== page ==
Campaigners fail in High Court challenge over change to assisted dying policy
Disability rights campaigners have failed in their bid to appeal against a High Court decision rejecting their challenge to a change to the Director of Public Prosecution's (DPP) policy on cases of assisted dying.
DPP Alison Saunders amended the prosecution policy for assisted suicide in October 2014.
Merv and Nikki Kenward, supported by the Christian Legal Centre, said that the change in wording made it less likely that healthcare professionals would be prosecuted for assisting suicide.
Mrs Kenward was stricken by Guillain-Barre Syndrome in 1990 and left almost completely paralysed for five months, able only to blink her right eye.
The former theatre manager, who now uses a wheelchair, said that the High Court's decision in December 2015 to dismiss their application for judicial review was "bizarre" and left vulnerable people "at risk from dodgy doctors".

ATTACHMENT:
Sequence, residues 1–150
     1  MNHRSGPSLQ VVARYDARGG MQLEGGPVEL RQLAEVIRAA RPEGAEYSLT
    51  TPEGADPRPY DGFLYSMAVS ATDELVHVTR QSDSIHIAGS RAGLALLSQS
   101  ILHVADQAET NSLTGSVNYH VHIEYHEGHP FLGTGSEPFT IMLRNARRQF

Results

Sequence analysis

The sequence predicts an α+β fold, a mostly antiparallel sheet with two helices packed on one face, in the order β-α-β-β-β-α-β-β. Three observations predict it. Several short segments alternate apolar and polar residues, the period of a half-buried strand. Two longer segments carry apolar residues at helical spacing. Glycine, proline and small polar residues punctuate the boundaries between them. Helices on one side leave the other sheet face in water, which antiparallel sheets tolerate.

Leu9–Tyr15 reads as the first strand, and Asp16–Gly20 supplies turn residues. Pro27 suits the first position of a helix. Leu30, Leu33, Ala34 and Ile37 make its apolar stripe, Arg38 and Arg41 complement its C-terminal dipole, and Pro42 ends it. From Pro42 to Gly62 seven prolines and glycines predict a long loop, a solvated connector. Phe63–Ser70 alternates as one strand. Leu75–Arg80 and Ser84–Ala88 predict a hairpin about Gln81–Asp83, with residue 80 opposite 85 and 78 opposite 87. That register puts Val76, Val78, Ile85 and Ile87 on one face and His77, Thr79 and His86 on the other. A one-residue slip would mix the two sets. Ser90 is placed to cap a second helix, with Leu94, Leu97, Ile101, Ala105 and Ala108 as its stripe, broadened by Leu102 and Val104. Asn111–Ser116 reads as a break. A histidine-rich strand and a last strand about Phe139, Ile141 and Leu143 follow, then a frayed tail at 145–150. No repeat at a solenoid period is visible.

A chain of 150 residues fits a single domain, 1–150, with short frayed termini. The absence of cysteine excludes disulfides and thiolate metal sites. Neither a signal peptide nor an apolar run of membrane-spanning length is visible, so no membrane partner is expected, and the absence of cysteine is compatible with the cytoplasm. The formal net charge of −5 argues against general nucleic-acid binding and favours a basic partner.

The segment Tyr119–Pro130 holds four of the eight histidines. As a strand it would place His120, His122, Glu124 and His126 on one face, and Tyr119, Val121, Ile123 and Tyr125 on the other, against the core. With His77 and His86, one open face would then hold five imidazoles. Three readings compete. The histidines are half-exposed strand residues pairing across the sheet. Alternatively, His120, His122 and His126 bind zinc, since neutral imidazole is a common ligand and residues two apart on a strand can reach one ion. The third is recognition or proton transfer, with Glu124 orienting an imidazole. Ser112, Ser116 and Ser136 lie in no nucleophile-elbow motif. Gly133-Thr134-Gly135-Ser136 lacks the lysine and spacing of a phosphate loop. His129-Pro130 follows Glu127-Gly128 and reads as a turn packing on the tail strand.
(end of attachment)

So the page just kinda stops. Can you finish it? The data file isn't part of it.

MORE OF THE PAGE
On Tuesday, the Court of Appeal dismissed an attempt by the Kenwards to win permission to contest that ruling.
Lord Justice Longmore, sitting with Lord Justice Kitchin, said it would be "futile" to grant permission as the inevitable result would be that the High Court decision would be upheld.
"Although it does raise difficult and delicate issues, it does seem entirely inappropriate that the case should go any further."
The Kenwards, from Aston on Clun, Shropshire, said they were "disappointed" with the outcome.
The Suicide Act 1961 makes it a criminal offence to assist or encourage suicide, with a penalty of up to 14 years' imprisonment.
The DPP has discretion on whether to prosecute according to the policy.
In the High Court, Sir Brian Leveson said: "The policy does not remove bright lines where previously they existed and no assistance or encouragement is rendered lawful that was previously unlawful."
He said that the gradation between circumstances in which it would be appropriate to prosecute in an assisted dying case and those in which it was not would always involve "a very detailed consideration of all the facts and, ultimately, a balanced judgment."